by John Bosio, author of three books on marriage, including the recent Why Get Married in the Church, the Lifelong Blessing of a Catholic Wedding (Twenty-Third Publications). He and his wife Teri developed two popular marriage enrichment programs: SIX DATES for Catholic Couples and The Beatitudes, a Couple's Path to Greater Joy (www.happy-together.net).
If you are beginning to dream about getting married you may also be thinking about where to hold your wedding ceremony. Every couple wants their wedding to be a memorable event and wants the ceremony to have a special meaning. The wedding day is one of the most important days in a couple’s life. You probably have friends who have found very creative ways to celebrate this day. Some may have selected natural settings such as beaches or mountains, or intimate settings such a parent’s or a friend’s home.
If you and/or your fiance(e) is Catholic, you are expected to marry in a Catholic church unless you have received permission to marry elsewhere. But marrying in a church is much more than an obligation. It’s an opportunity to hold a celebration that is joyful and meaningful, one that can have a positive impact on the rest of your married life.
What can be more romantic than the centuries old tradition of walking down the aisle in a parish church full of family and friends? What is more reassuring for the couple than being surrounded by the people who love them and who will give them ongoing support? What is more meaningful than reciting wedding vows handed down by Christian tradition? What is more awe inspiring than a rite through which you enter a spiritual reality where God unites you as husband and wife and gives you an important mission?
In the Catholic tradition, husband and wife accept a role in God’s plan for humanity. They are to be ambassadors of God’s love. Through their love for each other they show God’s deep love for us, and they collaborate with God to keep humanity alive. The Catholic Church considers marriage a sacrament, a vehicle for God’s graces to the couple and to the community.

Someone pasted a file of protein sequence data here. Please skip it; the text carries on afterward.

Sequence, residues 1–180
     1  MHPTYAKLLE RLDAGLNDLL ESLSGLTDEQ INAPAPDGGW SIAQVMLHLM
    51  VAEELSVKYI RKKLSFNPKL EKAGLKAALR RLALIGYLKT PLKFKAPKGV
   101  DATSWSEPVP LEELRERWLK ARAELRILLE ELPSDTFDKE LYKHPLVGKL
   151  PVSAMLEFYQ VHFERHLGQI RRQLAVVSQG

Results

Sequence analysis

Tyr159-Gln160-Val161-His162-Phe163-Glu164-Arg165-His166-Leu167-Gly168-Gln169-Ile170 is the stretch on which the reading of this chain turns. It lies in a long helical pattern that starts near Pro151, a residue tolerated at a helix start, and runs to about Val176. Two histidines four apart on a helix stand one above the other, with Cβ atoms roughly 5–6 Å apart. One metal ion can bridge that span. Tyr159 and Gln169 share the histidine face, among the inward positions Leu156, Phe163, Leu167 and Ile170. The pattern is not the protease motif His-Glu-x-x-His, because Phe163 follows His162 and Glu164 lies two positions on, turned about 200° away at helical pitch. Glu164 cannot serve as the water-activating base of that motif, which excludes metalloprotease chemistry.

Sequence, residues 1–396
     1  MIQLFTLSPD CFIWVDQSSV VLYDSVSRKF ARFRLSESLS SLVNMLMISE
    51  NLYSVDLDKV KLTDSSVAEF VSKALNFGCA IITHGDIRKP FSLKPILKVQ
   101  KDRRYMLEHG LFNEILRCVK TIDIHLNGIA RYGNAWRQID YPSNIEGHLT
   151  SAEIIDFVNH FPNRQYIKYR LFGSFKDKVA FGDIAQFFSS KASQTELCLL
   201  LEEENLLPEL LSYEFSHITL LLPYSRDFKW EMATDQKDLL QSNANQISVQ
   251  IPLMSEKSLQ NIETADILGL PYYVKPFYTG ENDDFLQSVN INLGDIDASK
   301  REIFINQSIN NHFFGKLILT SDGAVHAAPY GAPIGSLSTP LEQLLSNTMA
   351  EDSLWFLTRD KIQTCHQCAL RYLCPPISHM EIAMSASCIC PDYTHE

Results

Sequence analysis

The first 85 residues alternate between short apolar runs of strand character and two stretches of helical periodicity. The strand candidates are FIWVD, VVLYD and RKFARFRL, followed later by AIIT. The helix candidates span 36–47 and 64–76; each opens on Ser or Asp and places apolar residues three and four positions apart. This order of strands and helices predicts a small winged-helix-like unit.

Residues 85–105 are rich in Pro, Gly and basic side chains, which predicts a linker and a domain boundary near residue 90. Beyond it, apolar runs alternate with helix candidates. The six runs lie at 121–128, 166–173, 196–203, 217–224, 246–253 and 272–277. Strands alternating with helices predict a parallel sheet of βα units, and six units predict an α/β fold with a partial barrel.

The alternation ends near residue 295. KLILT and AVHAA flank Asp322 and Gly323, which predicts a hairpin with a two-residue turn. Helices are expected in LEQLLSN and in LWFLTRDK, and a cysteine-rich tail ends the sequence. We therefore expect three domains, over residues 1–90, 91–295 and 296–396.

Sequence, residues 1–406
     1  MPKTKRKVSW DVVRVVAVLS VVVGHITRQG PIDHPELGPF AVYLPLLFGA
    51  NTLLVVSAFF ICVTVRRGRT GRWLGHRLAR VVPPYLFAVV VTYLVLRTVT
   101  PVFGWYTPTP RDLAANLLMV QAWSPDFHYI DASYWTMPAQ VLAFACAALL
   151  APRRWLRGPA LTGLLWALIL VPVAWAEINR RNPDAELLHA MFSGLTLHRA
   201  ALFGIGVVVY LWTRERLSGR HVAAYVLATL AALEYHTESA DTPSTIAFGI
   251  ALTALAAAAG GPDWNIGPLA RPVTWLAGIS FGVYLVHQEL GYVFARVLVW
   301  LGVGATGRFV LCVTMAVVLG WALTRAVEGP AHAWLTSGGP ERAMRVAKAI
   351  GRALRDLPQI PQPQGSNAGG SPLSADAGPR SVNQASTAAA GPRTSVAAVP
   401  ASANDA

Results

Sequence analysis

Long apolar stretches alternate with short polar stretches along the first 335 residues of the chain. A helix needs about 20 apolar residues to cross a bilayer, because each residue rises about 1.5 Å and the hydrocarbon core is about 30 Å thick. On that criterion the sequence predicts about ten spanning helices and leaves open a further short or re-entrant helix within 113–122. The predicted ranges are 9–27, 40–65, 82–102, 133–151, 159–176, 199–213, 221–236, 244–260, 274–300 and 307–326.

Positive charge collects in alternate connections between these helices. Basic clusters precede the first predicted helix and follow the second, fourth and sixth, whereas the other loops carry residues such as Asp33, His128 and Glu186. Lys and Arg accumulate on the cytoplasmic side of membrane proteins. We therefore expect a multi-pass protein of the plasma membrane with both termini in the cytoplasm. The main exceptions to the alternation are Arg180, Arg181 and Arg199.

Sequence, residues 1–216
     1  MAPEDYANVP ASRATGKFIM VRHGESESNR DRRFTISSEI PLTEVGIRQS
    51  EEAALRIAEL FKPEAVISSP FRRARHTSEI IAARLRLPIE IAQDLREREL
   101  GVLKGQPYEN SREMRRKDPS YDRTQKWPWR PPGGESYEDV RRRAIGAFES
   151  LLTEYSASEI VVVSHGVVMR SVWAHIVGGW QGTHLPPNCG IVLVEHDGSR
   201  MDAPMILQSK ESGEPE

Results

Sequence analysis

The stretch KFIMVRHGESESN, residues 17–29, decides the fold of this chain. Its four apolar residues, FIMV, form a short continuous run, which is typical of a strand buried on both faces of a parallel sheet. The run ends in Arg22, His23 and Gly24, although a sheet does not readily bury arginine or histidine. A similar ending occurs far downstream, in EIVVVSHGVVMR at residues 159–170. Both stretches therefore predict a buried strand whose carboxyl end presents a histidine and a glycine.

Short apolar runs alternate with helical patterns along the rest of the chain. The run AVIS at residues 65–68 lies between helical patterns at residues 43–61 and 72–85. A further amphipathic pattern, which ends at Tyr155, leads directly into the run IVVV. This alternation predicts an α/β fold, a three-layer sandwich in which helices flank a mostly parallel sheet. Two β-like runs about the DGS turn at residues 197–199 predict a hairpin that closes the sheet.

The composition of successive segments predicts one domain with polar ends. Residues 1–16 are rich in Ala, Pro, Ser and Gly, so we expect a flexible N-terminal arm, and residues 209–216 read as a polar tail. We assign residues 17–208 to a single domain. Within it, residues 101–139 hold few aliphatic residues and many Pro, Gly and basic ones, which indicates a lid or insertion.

The Vow of Permanence
The focal point of any wedding ceremony is the exchange of vows. The vows are not simply a ritual that defines the relationship of two people in love. They are much more. They are a sacred pact through which the spouses embrace each other and, together, embrace Christ as their partner. The pledge they make is unbreakable because through their union with Christ they participate in the unbreakable pact between God and humanity: the covenant that was sealed in the death and resurrection of Jesus.
A permanent commitment is an inherent attribute of the marital relationship. All couples who marry want their marriage to last a lifetime. Researchers tell us that the presence of an irrevocable commitment contributes to the happiness of the spouses. Linda Waite and Maggie Gallagher, the authors of The Case for Marriage, write: “Having a partner who is committed for better or for worse, in sickness and in health, makes people happier and healthier.”